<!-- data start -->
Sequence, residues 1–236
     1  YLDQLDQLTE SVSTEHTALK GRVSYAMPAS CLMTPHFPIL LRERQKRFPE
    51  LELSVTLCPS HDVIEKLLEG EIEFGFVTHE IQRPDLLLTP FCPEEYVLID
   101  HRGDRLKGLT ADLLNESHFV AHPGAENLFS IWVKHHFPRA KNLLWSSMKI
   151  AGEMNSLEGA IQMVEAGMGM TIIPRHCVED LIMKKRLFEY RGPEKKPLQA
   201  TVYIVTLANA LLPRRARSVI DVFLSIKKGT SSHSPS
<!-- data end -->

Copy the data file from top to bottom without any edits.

Sequence, residues 1–236
     1  YLDQLDQLTE SVSTEHTALK GRVSYAMPAS CLMTPHFPIL LRERQKRFPE
    51  LELSVTLCPS HDVIEKLLEG EIEFGFVTHE IQRPDLLLTP FCPEEYVLID
   101  HRGDRLKGLT ADLLNESHFV AHPGAENLFS IWVKHHFPRA KNLLWSSMKI
   151  AGEMNSLEGA IQMVEAGMGM TIIPRHCVED LIMKKRLFEY RGPEKKPLQA
   201  TVYIVTLANA LLPRRARSVI DVFLSIKKGT SSHSPS